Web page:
CARACAS: The all-powerful constitutional assembly passed a decree Tuesday ordering authorities to investigate and try Venezuelans believed responsible for supporting new US economic sanctions.
The decree declares all those who promoted the latest US response to the socialist government’s handling of the country’s political conflict as “traitors of the patria” and directs the chief prosecutor’s office to immediately initiate a probe.
“Those who call for treason leave us no option but to treat them as enemies of their own country,” said Diosdado Cabello, a delegate and leader of the ruling socialist party.
The move came just days after President Nicolas Maduro vowed to prosecute for treason opponents he accused of being behind the US financial sanctions.
Maduro singled out Julio Borges, president of Venezuela’s opposition-controlled congress, but Borges said Tuesday that he bore no responsibility for Venezuela’s growing economic peril. “The only one responsible is Maduro,” Borges said.
The sanctions announced last week prohibit American financial institutions from providing new money to the government or the state oil company, PDVSA. They also ban trading in two bonds that the government recently issued to circumvent its increasing isolation from Western financial markets.
In addition, the sanctions restrict the Venezuelan oil giant’s US subsidiary, Citgo, from sending dividends back to Venezuela — moves that Maduro has said will be damaging to this nation’s beleaguered economy.
US officials contend the sanctions were crafted to avoid causing harm to ordinary Venezuelans and punish a government that US President Donald Trump now brands a dictatorship.
France’s president, Emmanuel Macron, echoed that assessment Tuesday, saying Maduro’s administration is “a dictatorship” that is “trying to survive at the cost of an unprecedented humanitarian distress.”
The sanctions are certain to cause further strife in a country where food shortages are common. The average Venezuelan lost 19 pounds last year, according to one study.
Former corrections minister Iris Varela, now a constitutional assembly delegate, received a resounding applause Tuesday when she said Venezuela can’t allow “traitors” to get away without punishment. Those who betray Venezuela and take advantage of US aggression “will have to be shot,” she said.
The assembly, which is supposed to write a new constitution, was installed in early August following a disputed election of delegates. The assembly trumps all other branches of Venezuela’s government and is ruling with virtually unlimited power.
CARACAS: The all-powerful constitutional assembly passed a decree Tuesday ordering authorities to investigate and try Venezuelans believed responsible for supporting new US economic sanctions.
KUALA LUMPUR: Malaysia on Wednesday for the first time set fire to a foreign boat for fishing illegally in its waters as it turns up the heat on trespassing trawlers.
Porous maritime borders are a constant problem for Malaysia and its Southeast Asian neighbors, which struggle to keep foreign fishing vessels from operating illegally in their waters.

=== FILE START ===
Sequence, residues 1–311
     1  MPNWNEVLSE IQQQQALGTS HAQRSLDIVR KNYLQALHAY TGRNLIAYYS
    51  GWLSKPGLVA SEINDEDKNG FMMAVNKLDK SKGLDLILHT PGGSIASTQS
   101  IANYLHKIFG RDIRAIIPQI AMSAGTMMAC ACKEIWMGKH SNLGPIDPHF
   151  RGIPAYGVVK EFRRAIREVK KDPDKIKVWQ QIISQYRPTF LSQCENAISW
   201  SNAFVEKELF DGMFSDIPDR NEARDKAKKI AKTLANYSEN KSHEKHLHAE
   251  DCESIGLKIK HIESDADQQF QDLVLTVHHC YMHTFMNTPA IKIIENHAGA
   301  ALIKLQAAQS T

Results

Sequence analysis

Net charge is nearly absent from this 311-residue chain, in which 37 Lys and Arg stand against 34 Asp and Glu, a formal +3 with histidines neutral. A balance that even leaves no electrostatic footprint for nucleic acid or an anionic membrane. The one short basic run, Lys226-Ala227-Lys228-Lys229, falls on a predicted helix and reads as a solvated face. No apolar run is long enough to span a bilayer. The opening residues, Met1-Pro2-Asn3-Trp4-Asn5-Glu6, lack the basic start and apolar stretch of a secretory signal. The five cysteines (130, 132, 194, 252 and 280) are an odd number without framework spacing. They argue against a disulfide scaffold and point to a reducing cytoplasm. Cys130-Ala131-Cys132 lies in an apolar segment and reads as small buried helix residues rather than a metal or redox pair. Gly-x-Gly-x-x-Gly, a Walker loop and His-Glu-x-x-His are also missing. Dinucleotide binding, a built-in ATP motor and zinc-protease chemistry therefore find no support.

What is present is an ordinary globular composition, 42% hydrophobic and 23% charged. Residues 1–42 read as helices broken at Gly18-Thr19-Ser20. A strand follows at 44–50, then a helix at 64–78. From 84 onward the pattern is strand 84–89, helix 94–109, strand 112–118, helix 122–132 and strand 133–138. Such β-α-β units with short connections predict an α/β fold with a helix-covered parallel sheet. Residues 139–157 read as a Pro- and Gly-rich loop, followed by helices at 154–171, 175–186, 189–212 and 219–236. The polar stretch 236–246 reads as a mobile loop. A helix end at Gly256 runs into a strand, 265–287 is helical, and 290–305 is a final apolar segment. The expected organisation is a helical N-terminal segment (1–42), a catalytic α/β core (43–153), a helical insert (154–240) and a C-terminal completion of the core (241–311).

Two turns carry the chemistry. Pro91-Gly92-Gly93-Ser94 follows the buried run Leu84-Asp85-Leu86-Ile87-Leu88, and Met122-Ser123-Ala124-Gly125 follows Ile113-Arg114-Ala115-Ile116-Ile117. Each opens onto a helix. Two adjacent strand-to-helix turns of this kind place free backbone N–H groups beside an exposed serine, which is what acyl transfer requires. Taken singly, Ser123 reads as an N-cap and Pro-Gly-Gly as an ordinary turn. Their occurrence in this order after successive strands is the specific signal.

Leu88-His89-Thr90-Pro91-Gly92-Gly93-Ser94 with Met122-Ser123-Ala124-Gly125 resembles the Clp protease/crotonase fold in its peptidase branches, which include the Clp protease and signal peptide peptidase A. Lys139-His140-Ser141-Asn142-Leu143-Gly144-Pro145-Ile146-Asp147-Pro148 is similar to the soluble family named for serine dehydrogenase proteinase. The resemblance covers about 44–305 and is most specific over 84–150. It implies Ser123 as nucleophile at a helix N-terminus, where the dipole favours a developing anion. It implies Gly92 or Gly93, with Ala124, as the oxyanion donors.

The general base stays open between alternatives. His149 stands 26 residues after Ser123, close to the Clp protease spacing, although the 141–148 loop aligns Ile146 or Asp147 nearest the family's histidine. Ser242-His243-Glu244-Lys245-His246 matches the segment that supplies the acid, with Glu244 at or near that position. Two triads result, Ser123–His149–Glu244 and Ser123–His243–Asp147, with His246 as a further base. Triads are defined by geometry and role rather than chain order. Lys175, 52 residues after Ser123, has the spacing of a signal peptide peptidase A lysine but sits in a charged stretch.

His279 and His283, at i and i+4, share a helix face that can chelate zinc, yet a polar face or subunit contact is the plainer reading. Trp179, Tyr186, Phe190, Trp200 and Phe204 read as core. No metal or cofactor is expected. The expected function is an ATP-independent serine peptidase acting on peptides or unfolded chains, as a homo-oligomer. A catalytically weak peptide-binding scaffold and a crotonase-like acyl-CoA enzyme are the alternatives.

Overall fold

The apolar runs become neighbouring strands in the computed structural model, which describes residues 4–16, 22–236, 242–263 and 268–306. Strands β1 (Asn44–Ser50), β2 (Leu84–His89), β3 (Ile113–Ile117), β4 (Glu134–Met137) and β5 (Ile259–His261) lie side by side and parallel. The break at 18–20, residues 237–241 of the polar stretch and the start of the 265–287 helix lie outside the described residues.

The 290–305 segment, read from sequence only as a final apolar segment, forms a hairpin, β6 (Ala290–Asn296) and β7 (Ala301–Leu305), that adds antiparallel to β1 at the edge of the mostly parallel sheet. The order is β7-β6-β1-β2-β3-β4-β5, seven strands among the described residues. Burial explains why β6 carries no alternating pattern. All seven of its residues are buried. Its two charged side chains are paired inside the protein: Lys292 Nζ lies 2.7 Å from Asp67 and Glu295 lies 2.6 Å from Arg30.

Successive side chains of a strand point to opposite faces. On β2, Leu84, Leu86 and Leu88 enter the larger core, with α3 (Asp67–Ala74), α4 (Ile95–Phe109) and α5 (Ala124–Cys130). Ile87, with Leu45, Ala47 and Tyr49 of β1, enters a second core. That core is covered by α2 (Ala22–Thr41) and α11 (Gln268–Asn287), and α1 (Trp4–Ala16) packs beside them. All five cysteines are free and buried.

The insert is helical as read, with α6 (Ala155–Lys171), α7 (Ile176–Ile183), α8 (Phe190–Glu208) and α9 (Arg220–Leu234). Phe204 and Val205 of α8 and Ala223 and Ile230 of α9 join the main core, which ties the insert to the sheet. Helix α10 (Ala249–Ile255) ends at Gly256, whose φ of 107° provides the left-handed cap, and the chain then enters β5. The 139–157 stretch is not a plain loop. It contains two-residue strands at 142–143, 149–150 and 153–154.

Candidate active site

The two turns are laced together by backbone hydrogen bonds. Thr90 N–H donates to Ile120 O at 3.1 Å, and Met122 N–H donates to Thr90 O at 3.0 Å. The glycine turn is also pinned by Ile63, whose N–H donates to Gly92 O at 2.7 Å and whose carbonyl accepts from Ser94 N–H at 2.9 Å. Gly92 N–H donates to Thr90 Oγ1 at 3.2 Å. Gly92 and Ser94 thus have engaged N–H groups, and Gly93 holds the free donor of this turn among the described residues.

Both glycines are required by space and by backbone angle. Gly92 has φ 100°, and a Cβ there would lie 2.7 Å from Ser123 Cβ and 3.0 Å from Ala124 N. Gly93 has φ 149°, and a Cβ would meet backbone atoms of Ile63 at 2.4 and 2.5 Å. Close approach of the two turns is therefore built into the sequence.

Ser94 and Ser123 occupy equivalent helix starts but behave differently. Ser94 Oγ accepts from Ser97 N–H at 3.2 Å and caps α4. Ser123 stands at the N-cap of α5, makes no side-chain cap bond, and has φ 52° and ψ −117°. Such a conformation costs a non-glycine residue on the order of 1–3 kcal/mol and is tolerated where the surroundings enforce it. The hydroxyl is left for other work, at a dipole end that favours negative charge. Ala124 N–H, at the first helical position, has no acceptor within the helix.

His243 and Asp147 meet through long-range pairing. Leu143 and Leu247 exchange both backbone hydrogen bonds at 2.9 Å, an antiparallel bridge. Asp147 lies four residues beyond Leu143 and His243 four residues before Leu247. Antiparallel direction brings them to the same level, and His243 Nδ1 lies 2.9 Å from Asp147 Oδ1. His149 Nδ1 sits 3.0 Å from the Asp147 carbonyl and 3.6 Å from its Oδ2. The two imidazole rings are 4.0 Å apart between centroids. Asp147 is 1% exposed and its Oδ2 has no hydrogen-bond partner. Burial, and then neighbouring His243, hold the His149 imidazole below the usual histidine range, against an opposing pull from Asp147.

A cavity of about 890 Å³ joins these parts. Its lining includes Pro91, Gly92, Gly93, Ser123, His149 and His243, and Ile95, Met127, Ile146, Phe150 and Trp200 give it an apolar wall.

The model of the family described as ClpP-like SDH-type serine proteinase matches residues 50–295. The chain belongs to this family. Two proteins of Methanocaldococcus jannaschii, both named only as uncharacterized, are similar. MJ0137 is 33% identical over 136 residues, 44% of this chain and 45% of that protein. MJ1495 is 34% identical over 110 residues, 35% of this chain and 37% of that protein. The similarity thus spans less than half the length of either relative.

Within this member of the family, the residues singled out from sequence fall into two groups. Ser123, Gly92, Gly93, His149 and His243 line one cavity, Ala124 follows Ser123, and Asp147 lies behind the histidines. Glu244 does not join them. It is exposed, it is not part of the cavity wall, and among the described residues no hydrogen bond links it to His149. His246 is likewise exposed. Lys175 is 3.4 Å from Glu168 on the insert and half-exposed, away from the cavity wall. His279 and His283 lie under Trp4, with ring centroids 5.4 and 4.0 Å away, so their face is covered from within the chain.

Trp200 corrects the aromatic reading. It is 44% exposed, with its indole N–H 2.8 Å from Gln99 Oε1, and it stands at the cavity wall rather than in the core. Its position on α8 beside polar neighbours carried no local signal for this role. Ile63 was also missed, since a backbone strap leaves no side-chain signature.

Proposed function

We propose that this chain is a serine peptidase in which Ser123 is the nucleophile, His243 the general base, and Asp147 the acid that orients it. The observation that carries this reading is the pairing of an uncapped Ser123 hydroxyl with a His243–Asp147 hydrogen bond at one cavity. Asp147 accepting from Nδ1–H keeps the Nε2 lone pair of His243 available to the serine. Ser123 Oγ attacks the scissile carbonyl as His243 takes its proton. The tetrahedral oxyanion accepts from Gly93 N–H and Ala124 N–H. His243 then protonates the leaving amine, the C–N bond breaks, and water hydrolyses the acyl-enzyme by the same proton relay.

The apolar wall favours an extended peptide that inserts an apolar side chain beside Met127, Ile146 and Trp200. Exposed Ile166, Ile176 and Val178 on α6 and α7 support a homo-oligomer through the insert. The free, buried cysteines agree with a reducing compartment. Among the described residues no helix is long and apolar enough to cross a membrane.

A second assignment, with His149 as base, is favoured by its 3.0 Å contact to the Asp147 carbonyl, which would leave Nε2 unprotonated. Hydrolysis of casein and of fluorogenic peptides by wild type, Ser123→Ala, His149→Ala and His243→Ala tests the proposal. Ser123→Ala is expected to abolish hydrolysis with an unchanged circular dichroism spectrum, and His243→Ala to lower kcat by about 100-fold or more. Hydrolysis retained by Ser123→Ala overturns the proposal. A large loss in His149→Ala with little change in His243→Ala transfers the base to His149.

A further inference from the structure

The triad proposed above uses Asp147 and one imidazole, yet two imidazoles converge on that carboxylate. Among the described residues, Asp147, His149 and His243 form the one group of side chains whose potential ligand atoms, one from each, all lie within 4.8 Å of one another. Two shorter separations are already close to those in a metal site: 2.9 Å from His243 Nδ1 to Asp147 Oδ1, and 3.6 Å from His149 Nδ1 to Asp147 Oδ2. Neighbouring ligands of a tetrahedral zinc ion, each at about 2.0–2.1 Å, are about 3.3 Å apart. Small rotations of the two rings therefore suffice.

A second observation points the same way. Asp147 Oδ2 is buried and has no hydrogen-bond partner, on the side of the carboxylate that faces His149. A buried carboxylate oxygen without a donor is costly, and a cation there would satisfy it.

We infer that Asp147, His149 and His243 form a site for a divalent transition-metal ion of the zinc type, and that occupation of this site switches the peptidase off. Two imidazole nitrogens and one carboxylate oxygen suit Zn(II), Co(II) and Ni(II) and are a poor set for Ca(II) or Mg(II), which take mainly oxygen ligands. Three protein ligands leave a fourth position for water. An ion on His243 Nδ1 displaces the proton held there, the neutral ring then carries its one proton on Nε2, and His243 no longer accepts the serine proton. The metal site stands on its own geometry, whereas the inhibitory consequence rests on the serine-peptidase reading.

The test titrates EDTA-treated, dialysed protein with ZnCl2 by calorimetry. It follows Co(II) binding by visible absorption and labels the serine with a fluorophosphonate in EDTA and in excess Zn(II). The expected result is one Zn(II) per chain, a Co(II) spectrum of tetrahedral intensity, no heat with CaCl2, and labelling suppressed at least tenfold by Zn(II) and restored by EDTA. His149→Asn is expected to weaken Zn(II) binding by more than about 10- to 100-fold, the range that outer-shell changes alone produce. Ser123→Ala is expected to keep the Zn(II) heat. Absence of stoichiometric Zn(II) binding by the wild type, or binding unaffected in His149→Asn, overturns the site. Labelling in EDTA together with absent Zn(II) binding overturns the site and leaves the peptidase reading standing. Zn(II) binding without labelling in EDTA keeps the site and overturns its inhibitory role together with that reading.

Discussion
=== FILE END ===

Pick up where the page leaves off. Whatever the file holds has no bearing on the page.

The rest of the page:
In early 2016, more than 100 Chinese fishing vessels were detected off the Borneo state of Sarawak, while in April Indonesia sank 81 mostly foreign boats caught illegally fishing in its waters.
The boat was set fire at sea off the coast of the northern state of Kelantan, the first time Malaysian authorities have resorted to such action, according to the Malaysian Maritime Enforcement Agency (MMEA).
The MMEA did not specify the boat’s country of origin.
“This method shows how seriously the MMEA views incursions by foreign fishing boats in Malaysian waters,” the MMEA’s Deputy Director-General of Operations, Mohd Taha Ibrahim, said in a statement.
Mohd Taha said Malaysian authorities had so far sunk 285 foreign fishing vessels nationwide to create artificial reefs, but said the method has not made a “deep impact” on foreign fishermen operating illegally in Malaysian waters.
“The MMEA will continue to ramp up our surveillance and patrols to clamp down on crimes committed out at sea,” Mohd Taha said.
Submitted by Bill Blain of Mint Partners
Blain’s Morning Porridge – August 30th 2017
“Did anyone ever comment on what Obama wore, or what shoes Michelle was wearing?””
And the September bond rush has started! Traditionally the first week of September heralds the start of the new funding season, but many deals are out already. Billions upon billions of dollars, Euros and GBP will be raised in coming weeks with investors and issuers tumbling over each other to see who can issue the most before the market inevitably snaps shut, is stuffed on mispriced oversupply, a Ukrainian Chicken Farm Moment happens, or something worse is occuring…
What could be worse you ask?
How about the much anticipated Global Bond reversal? Yeah, yeah.. we’ve been havering about it for years and it hasn’t happened.. But, but and but again… We’re seeing bond yields right back down to the lows – the Trump Jump is most definitely over – but for how long can it continue? “Normalisation” is the theme that does not speak its name among central bankers: rate hikes, taper and unwinding balance sheets are on the cards.